- Roll one-quarter of dough on floured board into 2cm-thick sausage; cut into 2cm lengths. Press each piece of dough against back of fork. Place gnocchi on floured tray. Repeat with remaining dough. Cover gnocchi; refrigerate 1 hour.
- Preheat oven to 200C/180C fan-forced
- Combine kumara and half the oil in shallow medium baking dish; roast about 30 minutes or until tender.
- Meanwhile, cook gnocchi, in batches, in large saucepan of boiling water until gnocchi float to surface, drain.
- Melt butter in medium frying pan with the remaining oil; cook tomatoes and sage, stirring, 2 minutes or until tomato softens slightly and butter is browned slightly.
- Combine gnocchi, kumara, tomato mixture and remaining ingredients in large bowl. You can serve gnocchi sprinkled with extra flaked Parmesan.
Notes on this recipe:
- Despite my grumbles below, this dish tasted absolutely amazing. It’s not exactly healthy, and if I were to make this again I would reduce the butter by at least 50%, but it certainly tastes awesome.
- I find it hard to buy perfectly uniformly sized potatoes and so am not confident in steaming, boiling or microwaving 1.5kgs of potato until tender. So I peeled mine and then boiled it for approximately 20 minutes. I don’t know if this caused the next problem.
- 1.5kgs of potato makes a huge amount of pasta. When I got to the “refrigerate 1 hour”, I put the gnocchi on a plate, then put some waxed paper on top of the first layer, made another layer, etc until I had run out of gnocchi. After the refrigeration time had passed the first layer neatly lifted off the waxed paper, but the rest had stuck and were a complete mess. I’m not sure how you’re supposed to refrigerate 1.5kgs of freshly made gnocchi (multiple trays perhaps), and I’m not sure how much boiling the potatoes peeled and chopped into pieces made a difference. The assumption that you knew how to refrigerate that much freshly made pasta and had sufficient fridge space was an interesting one to make.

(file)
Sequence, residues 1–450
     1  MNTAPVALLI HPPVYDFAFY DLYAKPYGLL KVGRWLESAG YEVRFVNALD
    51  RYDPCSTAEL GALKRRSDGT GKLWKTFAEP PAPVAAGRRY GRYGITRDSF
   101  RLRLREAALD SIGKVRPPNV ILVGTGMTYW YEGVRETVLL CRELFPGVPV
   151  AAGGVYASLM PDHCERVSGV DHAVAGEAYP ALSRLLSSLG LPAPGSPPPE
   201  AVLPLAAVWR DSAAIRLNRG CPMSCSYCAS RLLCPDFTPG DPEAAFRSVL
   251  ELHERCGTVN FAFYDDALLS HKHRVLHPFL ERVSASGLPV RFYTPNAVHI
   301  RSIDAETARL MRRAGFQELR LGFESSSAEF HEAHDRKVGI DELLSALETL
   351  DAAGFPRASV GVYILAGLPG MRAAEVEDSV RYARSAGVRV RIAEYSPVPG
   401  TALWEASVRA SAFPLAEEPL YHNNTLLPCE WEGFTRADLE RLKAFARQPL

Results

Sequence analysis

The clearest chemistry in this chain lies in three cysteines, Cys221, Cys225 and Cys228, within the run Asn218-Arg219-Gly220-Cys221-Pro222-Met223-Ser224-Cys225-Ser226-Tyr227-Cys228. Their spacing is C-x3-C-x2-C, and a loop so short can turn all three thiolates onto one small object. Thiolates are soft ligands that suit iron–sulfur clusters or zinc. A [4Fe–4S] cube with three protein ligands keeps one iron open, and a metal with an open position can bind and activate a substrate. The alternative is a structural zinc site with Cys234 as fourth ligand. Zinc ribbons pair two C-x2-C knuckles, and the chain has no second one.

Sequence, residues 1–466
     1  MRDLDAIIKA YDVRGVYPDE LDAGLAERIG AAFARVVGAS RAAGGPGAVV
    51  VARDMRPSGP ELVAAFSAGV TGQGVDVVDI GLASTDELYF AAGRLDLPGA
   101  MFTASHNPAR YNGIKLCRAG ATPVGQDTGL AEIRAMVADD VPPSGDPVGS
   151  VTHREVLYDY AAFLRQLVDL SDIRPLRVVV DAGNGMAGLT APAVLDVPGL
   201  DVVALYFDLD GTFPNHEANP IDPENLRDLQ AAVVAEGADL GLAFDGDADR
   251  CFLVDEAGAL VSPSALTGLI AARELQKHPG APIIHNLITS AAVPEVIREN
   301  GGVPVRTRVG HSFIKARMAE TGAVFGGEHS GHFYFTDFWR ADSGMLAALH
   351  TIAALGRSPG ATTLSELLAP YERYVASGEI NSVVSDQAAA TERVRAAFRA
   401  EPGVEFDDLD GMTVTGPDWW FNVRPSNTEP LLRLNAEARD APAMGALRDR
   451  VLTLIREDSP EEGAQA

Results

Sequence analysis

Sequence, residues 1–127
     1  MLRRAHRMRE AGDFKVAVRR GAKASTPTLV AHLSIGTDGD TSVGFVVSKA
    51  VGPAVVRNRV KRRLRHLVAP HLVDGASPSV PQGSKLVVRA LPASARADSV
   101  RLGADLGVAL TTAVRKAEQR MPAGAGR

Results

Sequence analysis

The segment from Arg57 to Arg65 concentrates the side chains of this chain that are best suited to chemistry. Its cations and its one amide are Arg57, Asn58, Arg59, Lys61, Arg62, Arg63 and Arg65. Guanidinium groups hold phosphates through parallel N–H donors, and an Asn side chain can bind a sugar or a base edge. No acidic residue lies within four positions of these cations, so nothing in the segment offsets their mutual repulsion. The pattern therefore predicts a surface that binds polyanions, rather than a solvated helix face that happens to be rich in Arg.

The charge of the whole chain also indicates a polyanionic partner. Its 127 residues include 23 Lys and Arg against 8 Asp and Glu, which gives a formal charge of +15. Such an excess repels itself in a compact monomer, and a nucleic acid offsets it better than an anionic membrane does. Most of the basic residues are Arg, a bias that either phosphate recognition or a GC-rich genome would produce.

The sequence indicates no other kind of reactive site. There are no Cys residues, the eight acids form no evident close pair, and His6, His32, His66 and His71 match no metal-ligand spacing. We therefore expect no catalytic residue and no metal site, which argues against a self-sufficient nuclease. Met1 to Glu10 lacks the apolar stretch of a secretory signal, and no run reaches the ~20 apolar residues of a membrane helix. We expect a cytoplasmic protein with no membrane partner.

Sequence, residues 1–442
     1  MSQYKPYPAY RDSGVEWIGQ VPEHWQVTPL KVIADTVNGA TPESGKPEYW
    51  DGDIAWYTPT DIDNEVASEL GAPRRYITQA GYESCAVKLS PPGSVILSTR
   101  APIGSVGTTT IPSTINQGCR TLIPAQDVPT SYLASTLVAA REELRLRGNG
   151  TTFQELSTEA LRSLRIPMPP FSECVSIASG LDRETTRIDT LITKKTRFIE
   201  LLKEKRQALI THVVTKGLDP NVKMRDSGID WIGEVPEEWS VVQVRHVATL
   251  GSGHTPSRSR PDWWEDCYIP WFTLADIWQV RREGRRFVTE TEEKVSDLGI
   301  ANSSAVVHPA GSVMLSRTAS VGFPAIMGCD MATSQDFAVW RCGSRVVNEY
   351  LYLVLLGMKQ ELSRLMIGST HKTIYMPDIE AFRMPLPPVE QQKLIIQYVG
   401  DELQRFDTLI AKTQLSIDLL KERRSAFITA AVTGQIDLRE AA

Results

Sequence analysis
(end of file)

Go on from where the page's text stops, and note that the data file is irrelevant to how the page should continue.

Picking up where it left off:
White Chocolate and Raspberry Croissant Pudding
- 5 croissants, sliced thinly
- 1/3 cup raspberry jam
- 100g white eating chocolate, chopped coarsley
- 1 cup raspberries
- 1 1/2 cups cream
- 1 1/4 cups milk
- 1/3 cup caster sugar
- 1 teaspoon vanilla extract
- 4 eggs
- Preheat oven to 160C/140C (fan-forced)
- Make custard (see below)
- Grease shallow 2-litre ovenproof dish. Layer croissant slices, overlapping slightly, in dish; dollop spoonfuls of jam over slices. Sprinkle with chocolate and berries. Pour custard over the top.
- Place dish in large baking dish; add enough boiling water to come halfway up sides of ovenproof dish. Bake about 1 hour or until pudding sets. Remove pudding from baking dish; stand 5 minutes before serving.
Combine cream, milk, sugar and extract in medium saucepan; bring to the boil. Whisk eggs in large bowl; whisking constantly, gradually add hot milk to egg mixture.
Notes on this recipe:
- So tasty, so bad for you, so absolutely awesome.
- I used white chocolate chips because I had some around and couldn’t be arsed buying more chocolate.
- This was actually really easy, and I will certainly make this again when I next think I want a bread (ish) pudding.